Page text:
Kentucky Lake Outdoor Guide- Fishing, Hunting and everything outdoors......
   Kentucky Lake Bass Fishing Logo Duck and Deer Hunting    


Resorts and Lodging



Boat Sales and Storage

Sporting Goods, Bait and Tackle


Kentucky Lake Maps

Hunting Stories and Information

Fishing Report

Fishing Stories
 and Information

Other Stories and Information

Fishing Records


Lake Levels

Land Between
the Lakes


Seasons and regulations



Contact Us

Brought to you by: Fishtale Lodge
April 8, 2010


Crappie on Kentucky Lake entered the active spawning phase this week after several days of warm weather pushed surface temps into the 64 to 66 degree range.

Once water warms into the 62 to 66 degree range and stays there for a few days crappie make a blitz toward shallow to midrange depths, seeking structure which appeals to their needs.

That is the scenario right now as fished really moved up this week. Although lake levels have been falling, the fish have stair-stepped their way up toward spawning territory.

Lake levels this weekend will be 357 at New Johnsonville and 357.2 at Kentucky Dam. Those readings are down some two feet from last week at this time, which is a significant change in elevation for a reservoir this size.

Surface temps at midweek reached the 64 to 66 degree range in the Paris Landing area and were slightly warmer up Big Sandy where shallow, stained water warmed quicker. However, the falling lake levels have pulled a lot of fish out of the upper end of Big Sandy since last week at this time.

Depths of 9 to 12 feet have been holding good numbers of fish. Although not many fish have been taken along shallow shorelines thus far that could change dramatically in the days ahead. And, there are still a lot of fish lingering on drop-offs in the main lake in depths of 17 to 20 feet but watch for that to change too as fish are on the move.

Several crappie were caught the last few days around manmade fish attractors such as stakebeds and brushpiles that were void of fish last week at this time. And, anglers trolling and drifting long lines with curly tail grubs and Road Runner style jigs are still catching fish on midrange flats both on the main lake and back in large bays.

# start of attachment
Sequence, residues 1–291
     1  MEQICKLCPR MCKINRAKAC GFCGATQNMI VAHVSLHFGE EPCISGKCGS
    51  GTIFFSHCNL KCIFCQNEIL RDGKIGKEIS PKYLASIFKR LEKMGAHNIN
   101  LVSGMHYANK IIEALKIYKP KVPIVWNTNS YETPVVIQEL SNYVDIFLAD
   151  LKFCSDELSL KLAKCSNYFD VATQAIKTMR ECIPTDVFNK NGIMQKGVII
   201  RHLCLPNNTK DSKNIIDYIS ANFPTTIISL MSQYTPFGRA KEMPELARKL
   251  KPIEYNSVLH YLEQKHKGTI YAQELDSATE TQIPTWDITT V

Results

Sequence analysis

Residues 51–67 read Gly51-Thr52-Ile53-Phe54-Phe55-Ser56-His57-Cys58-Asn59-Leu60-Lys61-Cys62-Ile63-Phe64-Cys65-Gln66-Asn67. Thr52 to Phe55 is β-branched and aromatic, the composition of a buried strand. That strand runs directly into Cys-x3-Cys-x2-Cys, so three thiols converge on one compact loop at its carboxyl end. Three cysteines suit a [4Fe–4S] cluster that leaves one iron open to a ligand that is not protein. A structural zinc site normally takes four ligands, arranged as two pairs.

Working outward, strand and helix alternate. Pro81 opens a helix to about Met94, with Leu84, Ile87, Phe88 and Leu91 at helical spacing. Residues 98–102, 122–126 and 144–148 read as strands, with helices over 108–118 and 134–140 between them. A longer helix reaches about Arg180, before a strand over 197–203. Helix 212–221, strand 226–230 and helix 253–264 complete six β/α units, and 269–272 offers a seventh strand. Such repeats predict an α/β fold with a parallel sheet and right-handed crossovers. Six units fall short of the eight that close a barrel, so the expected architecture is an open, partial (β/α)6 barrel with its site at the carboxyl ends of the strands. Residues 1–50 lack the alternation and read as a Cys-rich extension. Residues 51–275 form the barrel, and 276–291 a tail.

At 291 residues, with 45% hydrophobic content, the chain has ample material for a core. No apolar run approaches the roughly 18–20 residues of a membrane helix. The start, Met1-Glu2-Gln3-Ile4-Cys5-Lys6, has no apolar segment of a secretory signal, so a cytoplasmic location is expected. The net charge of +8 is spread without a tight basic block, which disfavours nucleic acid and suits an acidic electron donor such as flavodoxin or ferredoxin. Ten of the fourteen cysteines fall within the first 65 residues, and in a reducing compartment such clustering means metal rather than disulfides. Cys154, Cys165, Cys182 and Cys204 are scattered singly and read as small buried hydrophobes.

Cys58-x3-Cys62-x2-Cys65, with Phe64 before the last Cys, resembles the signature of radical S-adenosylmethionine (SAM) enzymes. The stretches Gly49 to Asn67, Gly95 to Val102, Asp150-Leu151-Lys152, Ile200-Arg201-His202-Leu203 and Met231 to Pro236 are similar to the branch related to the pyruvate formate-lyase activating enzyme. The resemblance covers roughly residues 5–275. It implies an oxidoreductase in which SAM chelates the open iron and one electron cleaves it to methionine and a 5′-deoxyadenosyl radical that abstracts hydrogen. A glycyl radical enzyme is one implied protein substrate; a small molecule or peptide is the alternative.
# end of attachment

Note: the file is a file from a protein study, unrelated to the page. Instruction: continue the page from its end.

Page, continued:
Since the spawn is in its early phase a lot of fish are still staging in midrange depths before moving up to spawn in the days ahead. Male crappie have moved toward shallow areas ahead of the females, a pattern that normally occurs in the early stages of the spawn as the females hang off the banks and wait for ideal conditions.

Unlike their gamefish cousins such as bass and bluegill, crappie need structure to broadcast their eggs. Brush, stumps, buck bushes and the variety of manmade cover attract the fish during this annual ritual.

Bass and bluegill will fan out craters or dishes in shallow grassbeds and sandy gravel substrates to deposit their eggs but crappie prefer wood structure.

Popular areas this week have been the entire Sulphur Well basin and Swamp Creek, along with the flats near the power lines in Big Sandy. A few fish were also taken around New Hope and Country Junction but numbers were down from a week ago in that sector.

Down around the Paris Landing area some good stringers have come from Cypress Creek, Eagle, and around the mouth of Big Sandy.

High winds have challenged anglers the last few days, limiting boat activity on the open water. A few days gusts in excess of 20 mph had whitecaps even in backwater areas.

It appears moderate weather will resume after a short cool snap that may curtail activity for a day or so. The weekend ahead looks good.

Meanwhile, watch for action to continue improving around shallow to midrange structure all across Big Sandy and West Sandy. Techniques such as casting jigs under slip bobbers and vertical fishing jigs over stakebeds and brushpiles will be popular this week.

A variety of color combos are producing ranging from the popular red/chartreuse to black/chartreuse, blue/pearl, green with red glitter, and motor oil with red glitter, just to name a few.

Water color is clear in the main lake but after thunderstorms on Wednesday night a little stain entered the upper ends of bays. Some dingy water stirred up by this week’s high winds is still present in spots.

Expect the spawning phases to continue for another week or two but generally speaking, there’s a week to ten days in there that seems to be peak time. A few fish will spawn in late April and early May but look for the bulk of the blitz to occur in the next few days and perhaps extending into late next week.

Bass are already moving up into shallow weedbeds and pockets as some large females have been observed in the last few days. Already preparing to fan their beds, some big sows are residing right on the shoreline.

Although this week seemed to see lighter stringers caught compared to last week, there were still plenty of success stories from anglers tossing assorted crankbaits, spinnerbaits, Carolina rigged lizards, and suspended jerk baits.

Falling lake levels this week altered some spots for anglers who swapped shallow flats and pockets for deeper gravel banks and points. As soon as the lake stabilizes look for the shallow bite to really turn on.

Topwater and floating worms will be popular in the days ahead as buck bass become more aggressive around larger females that become territorial.

TVA has pulled the reservoir back down to near normal lake levels for this time of year and both bass and crappie are responding. It has been a spring full of abnormal conditions but things are fast approaching normalcy if storms, rain, and wind settle down and act right!

Also check out our past:
Kentucky Lake Fishing Reports

 Steve McCadams is one of the nation's best known Crappie Fishermen and a full time resident of Paris, Tennessee. Steve is also a professional hunting and fishing guide here in the Paris Landing area.
Gone Fishing